The loss of one’s father or mother is one of the most emotional and universal human experiences. But just because the passing of a parent happens to almost everyone doesn’t make it any easier. The death of a parent is not just traumatic, it also informs and changes a person’s world entirely. And the grief one experiences after the loss is substantial.
There isn’t a road map for dealing with grief. Each situation comes with its own unique specifics. The grief might be intense right away, or it might not be and slowly crop up in the coming years.
“After the initial loss, adults often find it difficult to focus and be productive in their personal and professional lives,” says Maria Georgopoulos, Director of Bereavement Services at Calvary Hospital. “Bereavement support can help adults adjust to the changes in their life and work toward establishing some balance in their lives again. This will help them return to feelings of normalcy.”
How one pulls through all depends on the scenario and the person. Grief has no real timeline. However, there are certain things everyone should keep in mind after the loss of a parent, some points that can make the process a bit easier.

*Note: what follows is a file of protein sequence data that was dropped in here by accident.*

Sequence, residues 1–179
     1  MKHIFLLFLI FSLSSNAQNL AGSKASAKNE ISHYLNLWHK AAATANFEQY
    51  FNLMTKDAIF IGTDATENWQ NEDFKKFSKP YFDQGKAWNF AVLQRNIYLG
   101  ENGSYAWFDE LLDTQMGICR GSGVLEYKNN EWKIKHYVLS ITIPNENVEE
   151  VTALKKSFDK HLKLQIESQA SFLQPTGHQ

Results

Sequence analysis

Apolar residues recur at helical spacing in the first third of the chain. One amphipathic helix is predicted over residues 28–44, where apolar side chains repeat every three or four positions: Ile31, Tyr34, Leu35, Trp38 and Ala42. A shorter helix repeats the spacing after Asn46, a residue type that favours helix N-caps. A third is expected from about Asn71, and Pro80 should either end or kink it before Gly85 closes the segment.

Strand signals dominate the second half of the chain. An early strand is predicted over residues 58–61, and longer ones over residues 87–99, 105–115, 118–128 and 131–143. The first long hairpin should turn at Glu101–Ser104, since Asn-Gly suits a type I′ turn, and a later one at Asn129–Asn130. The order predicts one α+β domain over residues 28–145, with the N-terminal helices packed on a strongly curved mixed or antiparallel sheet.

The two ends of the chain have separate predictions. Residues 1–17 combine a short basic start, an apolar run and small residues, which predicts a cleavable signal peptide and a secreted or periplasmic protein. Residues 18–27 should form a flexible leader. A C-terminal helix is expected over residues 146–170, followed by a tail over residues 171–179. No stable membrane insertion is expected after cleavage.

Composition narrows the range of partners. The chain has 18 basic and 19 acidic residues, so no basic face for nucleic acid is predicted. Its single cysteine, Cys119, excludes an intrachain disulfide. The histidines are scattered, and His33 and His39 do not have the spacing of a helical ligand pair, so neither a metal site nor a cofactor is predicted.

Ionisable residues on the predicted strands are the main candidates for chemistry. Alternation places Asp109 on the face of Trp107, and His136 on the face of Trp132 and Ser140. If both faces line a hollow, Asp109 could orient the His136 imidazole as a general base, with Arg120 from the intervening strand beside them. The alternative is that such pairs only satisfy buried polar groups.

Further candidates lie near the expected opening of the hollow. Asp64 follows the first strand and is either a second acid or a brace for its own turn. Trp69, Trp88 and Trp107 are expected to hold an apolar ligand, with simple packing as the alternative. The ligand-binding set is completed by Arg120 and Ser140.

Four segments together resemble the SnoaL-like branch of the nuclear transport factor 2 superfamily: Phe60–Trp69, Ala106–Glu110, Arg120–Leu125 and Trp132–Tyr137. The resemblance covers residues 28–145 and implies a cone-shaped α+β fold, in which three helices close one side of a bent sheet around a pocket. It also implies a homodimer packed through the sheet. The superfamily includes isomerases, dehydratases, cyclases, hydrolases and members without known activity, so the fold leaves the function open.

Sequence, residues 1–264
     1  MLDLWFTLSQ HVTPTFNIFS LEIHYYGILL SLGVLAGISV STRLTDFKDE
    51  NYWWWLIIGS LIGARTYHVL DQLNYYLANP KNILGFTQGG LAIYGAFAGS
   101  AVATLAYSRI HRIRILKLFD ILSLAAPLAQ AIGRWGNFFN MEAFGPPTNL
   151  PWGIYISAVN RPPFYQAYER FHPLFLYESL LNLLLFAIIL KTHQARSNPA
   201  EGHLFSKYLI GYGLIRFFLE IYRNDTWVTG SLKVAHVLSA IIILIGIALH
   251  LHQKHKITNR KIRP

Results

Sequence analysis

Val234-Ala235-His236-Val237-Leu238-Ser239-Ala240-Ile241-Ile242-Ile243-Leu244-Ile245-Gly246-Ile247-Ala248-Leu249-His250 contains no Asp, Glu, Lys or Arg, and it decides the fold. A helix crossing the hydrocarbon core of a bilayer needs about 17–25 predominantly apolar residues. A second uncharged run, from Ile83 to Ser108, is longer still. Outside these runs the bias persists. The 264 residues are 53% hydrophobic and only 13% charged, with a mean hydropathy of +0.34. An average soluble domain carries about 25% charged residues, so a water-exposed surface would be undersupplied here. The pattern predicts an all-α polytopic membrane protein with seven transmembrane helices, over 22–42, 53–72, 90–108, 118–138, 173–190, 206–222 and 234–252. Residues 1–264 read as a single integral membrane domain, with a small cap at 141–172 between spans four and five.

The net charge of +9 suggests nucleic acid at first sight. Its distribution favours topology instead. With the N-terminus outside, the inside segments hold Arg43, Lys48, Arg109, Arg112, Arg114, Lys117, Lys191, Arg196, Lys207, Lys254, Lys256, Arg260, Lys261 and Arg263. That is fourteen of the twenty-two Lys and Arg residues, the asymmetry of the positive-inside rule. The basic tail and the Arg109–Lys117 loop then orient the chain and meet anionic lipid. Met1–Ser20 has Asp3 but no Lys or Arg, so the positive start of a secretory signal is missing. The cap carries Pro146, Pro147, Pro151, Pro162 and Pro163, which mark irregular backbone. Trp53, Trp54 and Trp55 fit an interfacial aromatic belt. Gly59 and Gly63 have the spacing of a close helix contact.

Understand the Stages of Grief
No one grieves in the same way. But there are stages that most people go through after the loss of a loved one. As outlined by Elisabeth Kubler-Ross, who identified the five-stage process for grieving, these stages include denial, anger, negotiation, depression, and, finally, acceptance. Recognizing them is critical. Equally important to recognize is that there is no timeline for any of the steps and there are also situations when someone may fall back to another part of the process. Understanding that there are stages, however, serves as a way to cope and realize that what you’re feeling is natural.
Allow Yourself to Actually Grieve
When a parent dies, there is sometimes a feeling on the part of the bereaved that they have to “stay strong” or put on a brave face for the rest of the family. Doing this can keep you from going through your own natural and necessary grieving process. There is also the feeling that grief has an expiration date, and that there comes a point where someone who has lost a parent should get over the loss. This also isn’t true.
“Grief has to run its own course. Sometimes it can take months — sometimes it can take years,” says BJ Ghallager, a sociologist and the author of Your Life Is Your Prayer. “Grief takes many different forms and may show up in surprising ways. Honor your own process and your own timetable.”
Share Your Feelings
The pain of a loss is almost too much to confront or even talk about. This happens. But often people who have suffered a loss keep it inside, choosing not to talk about it or deal with it openly at all. This is a mistake, experts agree. Bottling up grief only makes it come out in other, less healthy ways. When you’re ready, it’s important to talk about your loss with friends and family members, or even consider joining a support group.